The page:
Tuesday, February 28, 2012

Joy division - review of Your Days Are Numbered

Your Days Are Numbered: The Maths of Death, at The Forge, Basingstoke on Thursday, February 9

ANYONE remember the early 90s when comedy was heralded as the new rock & roll? It wasn’t, of course, the new rock & roll turned out to be grunge, which made much more sense when you think about it. But 20 years on, I think it’s perfectly reasonable therefore to say that science (and maths) is the new comedy. Or, at least, that scientists (and mathematicians) are the new comedians. Yup, scientists with social skills. Who knew.

Among this breed are stand-up mathematician (or the mathemagician, as I will now call him) Matt Parker and science writer/performer Timandra Harkness who have devised a a jolly little show about the mathematics of death, investigating likely length of life and various ways it may be ended, through the wonder of statistics.

With the show set to come to New Greenham Arts in April, I am aware that I have a 99 per cent chance of giving away too much and therefore reducing potential attendance by roughly the same amount. However, I am also aware that the next phrase, while factually correct, could achieve that on its own: there were a lot of acturaries in the audience. And reference to Bayesian probability (which I just had to Google in order to spell correctly).

Don’t let that put you off, though. Really. As a mathematics numpty (AS-level predicted grade E - I didn’t bother taking the exam), I can confirm that you don’t have to be an actual actuary to enjoy the show. The concept of micromort - a unit of risk measuring a one-in-a-million chance of death - was clearly explained for us non-actural acturaries early on, making the facts that followed easier to grasp than chunking (a little joke thrown in by me for the primary school teachers among you).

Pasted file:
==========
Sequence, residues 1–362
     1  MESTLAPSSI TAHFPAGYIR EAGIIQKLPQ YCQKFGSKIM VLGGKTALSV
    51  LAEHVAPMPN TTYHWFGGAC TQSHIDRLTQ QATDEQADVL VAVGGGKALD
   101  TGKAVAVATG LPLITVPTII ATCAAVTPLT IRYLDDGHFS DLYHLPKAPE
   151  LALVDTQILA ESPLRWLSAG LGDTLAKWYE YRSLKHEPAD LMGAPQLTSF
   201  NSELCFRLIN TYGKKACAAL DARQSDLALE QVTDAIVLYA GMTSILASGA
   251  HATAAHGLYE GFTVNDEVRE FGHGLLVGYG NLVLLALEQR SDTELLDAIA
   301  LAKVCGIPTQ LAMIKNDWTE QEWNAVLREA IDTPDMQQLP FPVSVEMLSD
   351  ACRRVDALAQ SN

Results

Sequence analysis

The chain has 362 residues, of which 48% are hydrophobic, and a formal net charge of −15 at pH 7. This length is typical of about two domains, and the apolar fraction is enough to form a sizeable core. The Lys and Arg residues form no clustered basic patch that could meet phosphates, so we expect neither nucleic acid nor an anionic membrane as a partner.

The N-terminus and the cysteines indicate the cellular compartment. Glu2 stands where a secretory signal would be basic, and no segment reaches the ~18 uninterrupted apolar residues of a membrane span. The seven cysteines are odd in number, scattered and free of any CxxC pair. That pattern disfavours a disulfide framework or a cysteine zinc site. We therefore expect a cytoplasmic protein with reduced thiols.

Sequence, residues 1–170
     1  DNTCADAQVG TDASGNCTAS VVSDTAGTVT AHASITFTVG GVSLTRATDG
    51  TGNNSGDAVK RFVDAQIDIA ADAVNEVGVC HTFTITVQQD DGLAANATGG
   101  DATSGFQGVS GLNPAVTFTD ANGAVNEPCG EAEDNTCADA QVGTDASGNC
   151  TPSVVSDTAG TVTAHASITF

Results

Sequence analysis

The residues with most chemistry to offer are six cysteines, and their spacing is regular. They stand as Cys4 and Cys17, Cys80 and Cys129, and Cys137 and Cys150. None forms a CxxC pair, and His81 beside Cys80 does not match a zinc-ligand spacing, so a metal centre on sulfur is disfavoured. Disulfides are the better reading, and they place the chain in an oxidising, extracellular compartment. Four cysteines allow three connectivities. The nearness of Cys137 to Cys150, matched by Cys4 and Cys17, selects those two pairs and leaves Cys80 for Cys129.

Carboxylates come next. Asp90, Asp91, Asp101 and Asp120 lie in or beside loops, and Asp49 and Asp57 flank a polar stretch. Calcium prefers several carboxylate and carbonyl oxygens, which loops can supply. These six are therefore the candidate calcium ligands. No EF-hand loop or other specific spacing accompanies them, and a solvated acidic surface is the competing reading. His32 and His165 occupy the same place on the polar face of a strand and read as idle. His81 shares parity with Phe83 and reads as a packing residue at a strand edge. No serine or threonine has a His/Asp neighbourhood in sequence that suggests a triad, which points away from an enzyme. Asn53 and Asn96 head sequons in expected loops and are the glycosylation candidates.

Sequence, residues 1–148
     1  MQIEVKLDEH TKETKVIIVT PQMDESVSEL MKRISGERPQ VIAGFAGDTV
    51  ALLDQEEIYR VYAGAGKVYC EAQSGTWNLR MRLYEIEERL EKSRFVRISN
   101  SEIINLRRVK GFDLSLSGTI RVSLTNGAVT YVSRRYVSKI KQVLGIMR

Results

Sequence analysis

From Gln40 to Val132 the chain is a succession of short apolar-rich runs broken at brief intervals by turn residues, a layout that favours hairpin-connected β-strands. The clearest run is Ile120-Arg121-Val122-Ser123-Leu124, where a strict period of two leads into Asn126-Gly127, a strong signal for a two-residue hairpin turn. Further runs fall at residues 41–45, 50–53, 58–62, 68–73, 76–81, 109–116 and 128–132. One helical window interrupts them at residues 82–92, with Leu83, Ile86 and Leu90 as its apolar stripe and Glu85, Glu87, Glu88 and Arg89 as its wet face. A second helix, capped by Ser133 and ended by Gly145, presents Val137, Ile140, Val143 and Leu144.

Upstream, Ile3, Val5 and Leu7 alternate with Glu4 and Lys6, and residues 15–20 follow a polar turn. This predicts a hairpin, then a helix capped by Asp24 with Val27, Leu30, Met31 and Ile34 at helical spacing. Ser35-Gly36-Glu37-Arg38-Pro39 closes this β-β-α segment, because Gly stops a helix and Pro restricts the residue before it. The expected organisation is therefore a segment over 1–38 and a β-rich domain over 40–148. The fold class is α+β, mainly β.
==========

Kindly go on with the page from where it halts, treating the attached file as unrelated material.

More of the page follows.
I came away with the new knowledge that my plus-one is destined to meet his maker through auto-erotic asphyxiation (or suffocate in his own beard); that the likelihood of me writing a positive review increases exponentially when I am brought up onto the stage and plied with vodka; and that the stickers placed on the forehead of audience members to pronounce them dead during the 100-minute show (one minute equalling one year of life) are likely to take off approximately 50 per cent of an eyebrow when removed. None of which ever happened in a maths lesson when I was at school. I might have passed my AS-level maths if it had. Or had more fun trying.

* Assuming that Parker and Harkness survive the next two months, they will be at New Greenham Arts on April 12. While no audience members have died during a show on the tour so far; with a 0.000043 per cent chance that one could snuff it during any given performance, you can work out the risk of attending yourself.

  • First published in the Newbury Weekly News on Thursday, February 16, 2012

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